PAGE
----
OPPOSITION parties have reacted with fury to SNP plans to launch next week’s independence white paper at an event in Glasgow rather than at the Scottish Parliament, saying the decision not to present it first to MSPs is an “affront” to democracy.
The Scottish Government confirmed it intended a major launch for the white paper next Tuesday, as it aims to capitalise on global media interest.
The long-awaited document, expected to be more than 500 pages long, will set out the SNP government’s proposals on the economy and political choices of a new, independent state.
However, the plan for the launch triggered fury among Labour, Liberal Democrat and Conservative MSPs, who were informed of the timetabling at the weekly cross-party business bureau meeting.
SNP parliament minister Jim Fitzpatrick told MSPs of plans for a full debate next Wednesday, a day after the launch.
A Scottish Government spokesman said the white paper would be laid before parliament on Tuesday morning, before the launch. Ministers also plan to present a statement to MSPs on Tuesday afternoon, after the launch.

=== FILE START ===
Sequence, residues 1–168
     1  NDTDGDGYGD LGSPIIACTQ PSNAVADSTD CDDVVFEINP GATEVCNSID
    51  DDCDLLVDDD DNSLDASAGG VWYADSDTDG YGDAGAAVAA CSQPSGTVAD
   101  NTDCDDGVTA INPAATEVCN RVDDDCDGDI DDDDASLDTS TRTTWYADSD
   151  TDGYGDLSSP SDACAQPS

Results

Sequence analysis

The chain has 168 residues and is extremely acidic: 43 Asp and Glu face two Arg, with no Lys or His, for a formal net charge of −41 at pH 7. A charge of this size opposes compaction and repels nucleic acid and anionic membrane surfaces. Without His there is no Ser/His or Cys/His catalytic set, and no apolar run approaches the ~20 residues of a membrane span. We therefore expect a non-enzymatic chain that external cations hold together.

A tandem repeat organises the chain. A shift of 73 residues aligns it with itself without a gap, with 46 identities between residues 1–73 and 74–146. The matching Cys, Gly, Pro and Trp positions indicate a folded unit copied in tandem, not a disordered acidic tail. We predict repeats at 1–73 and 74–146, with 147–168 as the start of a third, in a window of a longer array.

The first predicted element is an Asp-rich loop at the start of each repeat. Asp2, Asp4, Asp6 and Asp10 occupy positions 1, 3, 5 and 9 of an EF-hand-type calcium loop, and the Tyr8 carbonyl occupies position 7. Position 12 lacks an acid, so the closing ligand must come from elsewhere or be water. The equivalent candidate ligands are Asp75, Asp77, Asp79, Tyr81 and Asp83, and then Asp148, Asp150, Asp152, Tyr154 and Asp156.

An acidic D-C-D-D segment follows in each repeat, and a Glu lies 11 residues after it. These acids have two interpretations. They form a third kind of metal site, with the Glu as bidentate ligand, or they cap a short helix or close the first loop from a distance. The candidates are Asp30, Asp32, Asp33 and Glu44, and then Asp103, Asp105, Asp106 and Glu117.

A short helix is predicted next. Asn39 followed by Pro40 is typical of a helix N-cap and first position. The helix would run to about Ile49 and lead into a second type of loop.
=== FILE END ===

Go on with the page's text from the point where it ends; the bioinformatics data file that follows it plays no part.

The SNP’s proposals are expected to be rejected later today by opposition MSPs on the business bureau, who argue that the historic nature of the white paper means it should be first revealed to parliament.
That opposition is likely to force the SNP to use its parliamentary majority to push the timetabling through.
Scottish Labour MSP Paul Martin accused the SNP of behaving “like an elected dictatorship”.
He said: “If the white paper is not presented first to the Scottish Parliament, it will be an affront to Scottish democracy and the Scottish people.
“The Scottish Government are acting with incredible arrogance. This white paper process looks more like an exercise in propaganda than serious policy-making.”
Another business bureau member, Scottish Liberal Democrat Alison McInnes MSP, said: “It’s an insult for the Scottish Government to dodge parliament on the day they launch the independence white paper.
“The white paper should properly be presented to parliament first, but knowing how fond the First Minister is of razzle-dazzle press launches, it is sadly no longer a surprise that he treats parliament with such contempt.”
However, SNP officials insist their plans do abide by parliamentary protocol.
The white paper will be officially presented to parliament through an “inspired question”, prior to the launch in Glasgow.
Explaining the plans, the Scottish Government spokesman said: ”We are offering a ministerial statement on the white paper on Tuesday afternoon.
“It’s envisaged that this would be followed by a full parliamentary debate the following day.”
A spokesman for the Scottish Parliament said: “There are still to be further discussions on next week’s business. Once those discussions have concluded, a motion will be lodged setting out next week’s proposed business.”